Boston Common /

When will the Globe let us in on the secret?

12/20/04


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A couple of weeks ago, the Globe ran a story about how well some guy named Sam Yoon was doing in raising money for a city-council race. The story told us he's doing well raising money and that he's Asian. But for people like me, the story left out an important point: Why he's running. In that sense, the story fails just like the Globe's first story on Yoon, back in September, which discussed how excited Asians might get that he's running.

Today, Adrian Walker, who normally tells you why you should care about an issue, devotes his column to Yoon. Walker informs us that Yoon is Asian and that diversity is good. But beyond referring to some running battle involving a Chinatown parcel that Yoon wants the turnpike authority to sell to the community for $1, Walker once again fails to tell those of us who don't know anything about this guy why we should care.

Yoon may well be the cat's meow. But after two long articles, I still don't really have a clue why I should vote for him in the next city council election. In 2004, "diversity" isn't enough. As Walker himself says:

Ultimately, as he is the first to say, Yoon will succeed or fail on his own merits, regardless of who else is in the race.

If the Globe is going to devote so much ink to this guy, couldn't they spare a paragraph or two to tell the 99% of us who've never heard of Sam Yoon why he's running? And maybe they could spare a couple of column inches to considering whether all Asian-Americans will vote for him just because he's Asian-American? Isn't that kind of insulting, like saying all European-Americans would be excited by the candidacy of Michael Flaherty?

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Comments

Big Bri says (on December 20, 2004 07:52 PM):

Check Craigslist today... Yoon is looking for someone to film his campaign.

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adamg says (on December 20, 2004 08:48 PM):

Ah, yes, here it is:

http://boston.craigslist.org/tfr/52957596.html

It reads just like the Globe story (and the story in the Dorchester Reporter and in Sampan): Maybe he really is running just because he's Asian-American.

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Otter says (on December 21, 2004 04:06 PM):

Yeah, while far be it from me to pass up an opportunity to badmouth the Globe, I think the likeliest explanation is that they've told us everything there is to say.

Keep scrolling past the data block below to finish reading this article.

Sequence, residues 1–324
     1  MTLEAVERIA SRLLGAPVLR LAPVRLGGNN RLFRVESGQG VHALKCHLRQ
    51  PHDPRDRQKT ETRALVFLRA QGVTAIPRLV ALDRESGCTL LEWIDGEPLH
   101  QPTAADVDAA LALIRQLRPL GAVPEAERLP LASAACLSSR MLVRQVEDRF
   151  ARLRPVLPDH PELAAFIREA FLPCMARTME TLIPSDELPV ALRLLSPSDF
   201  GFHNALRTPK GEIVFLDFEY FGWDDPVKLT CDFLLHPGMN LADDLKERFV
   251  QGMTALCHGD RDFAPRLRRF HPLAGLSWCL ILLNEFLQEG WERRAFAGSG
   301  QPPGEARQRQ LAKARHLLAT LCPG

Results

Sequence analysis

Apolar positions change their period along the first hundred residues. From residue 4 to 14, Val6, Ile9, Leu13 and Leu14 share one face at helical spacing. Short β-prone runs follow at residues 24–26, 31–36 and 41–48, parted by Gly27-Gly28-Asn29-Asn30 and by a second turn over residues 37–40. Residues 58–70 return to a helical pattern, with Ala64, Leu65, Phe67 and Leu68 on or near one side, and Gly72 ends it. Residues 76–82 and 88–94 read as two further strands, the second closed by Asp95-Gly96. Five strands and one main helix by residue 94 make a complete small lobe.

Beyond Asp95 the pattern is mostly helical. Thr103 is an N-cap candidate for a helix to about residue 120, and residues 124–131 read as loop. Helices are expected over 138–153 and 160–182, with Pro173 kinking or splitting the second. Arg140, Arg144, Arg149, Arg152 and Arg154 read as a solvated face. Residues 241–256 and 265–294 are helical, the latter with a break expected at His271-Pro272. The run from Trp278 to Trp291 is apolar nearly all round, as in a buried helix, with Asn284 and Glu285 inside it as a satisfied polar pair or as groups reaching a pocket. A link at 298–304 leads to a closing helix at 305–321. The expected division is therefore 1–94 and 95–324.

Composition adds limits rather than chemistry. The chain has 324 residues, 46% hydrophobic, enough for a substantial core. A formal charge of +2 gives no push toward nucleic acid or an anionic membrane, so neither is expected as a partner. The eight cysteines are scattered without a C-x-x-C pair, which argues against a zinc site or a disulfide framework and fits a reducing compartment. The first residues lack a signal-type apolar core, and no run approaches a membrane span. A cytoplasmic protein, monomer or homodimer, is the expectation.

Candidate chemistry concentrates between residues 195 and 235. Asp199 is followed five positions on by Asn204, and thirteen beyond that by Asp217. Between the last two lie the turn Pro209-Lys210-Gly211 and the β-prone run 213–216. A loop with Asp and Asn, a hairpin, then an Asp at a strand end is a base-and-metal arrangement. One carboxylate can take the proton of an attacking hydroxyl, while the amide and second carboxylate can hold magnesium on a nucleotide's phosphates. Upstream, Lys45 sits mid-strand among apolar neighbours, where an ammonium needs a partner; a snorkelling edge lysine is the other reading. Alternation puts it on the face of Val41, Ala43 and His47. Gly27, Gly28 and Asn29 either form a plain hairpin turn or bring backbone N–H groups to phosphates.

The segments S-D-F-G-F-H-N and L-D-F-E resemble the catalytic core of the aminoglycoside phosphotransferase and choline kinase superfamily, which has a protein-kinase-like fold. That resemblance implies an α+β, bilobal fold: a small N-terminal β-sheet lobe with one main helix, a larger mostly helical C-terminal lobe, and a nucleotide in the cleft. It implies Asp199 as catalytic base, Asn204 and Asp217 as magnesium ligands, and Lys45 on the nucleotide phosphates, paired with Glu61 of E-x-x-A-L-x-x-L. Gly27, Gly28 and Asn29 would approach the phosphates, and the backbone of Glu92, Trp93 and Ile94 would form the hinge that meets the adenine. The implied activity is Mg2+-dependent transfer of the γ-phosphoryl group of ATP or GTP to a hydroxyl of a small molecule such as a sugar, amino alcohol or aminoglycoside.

Honestly, the need for a documentarian to chronicle his rise to glory probably tells you more about him than the Globe ever could.

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Chris S. says (on December 22, 2004 10:42 AM):

How about the fact that he is not an insider, is a strong advocate for affordable housing in Boston, and as a former teacher can be counted on to support education? If you're interested in his candidacy, maybe one should do some research on him, or better yet try and meet him in person, before developing your opinion.

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Susan says (on December 22, 2004 10:49 AM):

Yoon stands for making sure that the housing in Boston remains affordable. He has fought to prevent the city from becoming nothing but commercial buildings and high end condos.

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adamg says (on December 22, 2004 11:08 AM):

Finally, answers!

My complaint isn't with Yoon. It's with lazy reporters who don't provide even that modicum of information about the guy.

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Patriot says (on December 23, 2004 10:24 AM):

All the questions look like they were written by Yoon's friends and family.

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New England Resident. says (on January 1, 2005 08:17 PM):

Yea, I'm Italian American, and when the Italian Americans first came to Boston in The North End and East Boston a Centory ago No one voted for a Italian Immigrant because he was Italian. Same with the Irish, actually there were actually signs on stores saying, Irish Need not applied. So why should I vote for someone because he's Asian. I am very disapointed with the Globe.

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Chris S. says (on January 7, 2005 08:40 AM):

Yoon ethnicity will undoubtedly make his candidacy more, rather than less difficult. There are alot of people who will vote against a candidate based solely on whether the name seems "American" enough to them.

The Asian community has always been underrepresented politically. Tip O'Neil talks in his autobiography, Man of the House, about how a common trick used in Boston was the "Chinaman Hat Trick". Pols would hire a group of Chinese-Americans and give them a set of different hats, and then would cycle them through the voting booth, exchanging their hats each time. The Boston pols could get away with this trick because the Chinatown community was so disorganized politically.

So I think it is incorrect to make any assumption that things will be easy for Yoon, with regard to his ethnicity. To the contrary, he is facing a steep uphill struggle on that front. His prospects will be solely dependent on whether the city is willing to assess him on his positions, and ignore superficialities.

- Chris

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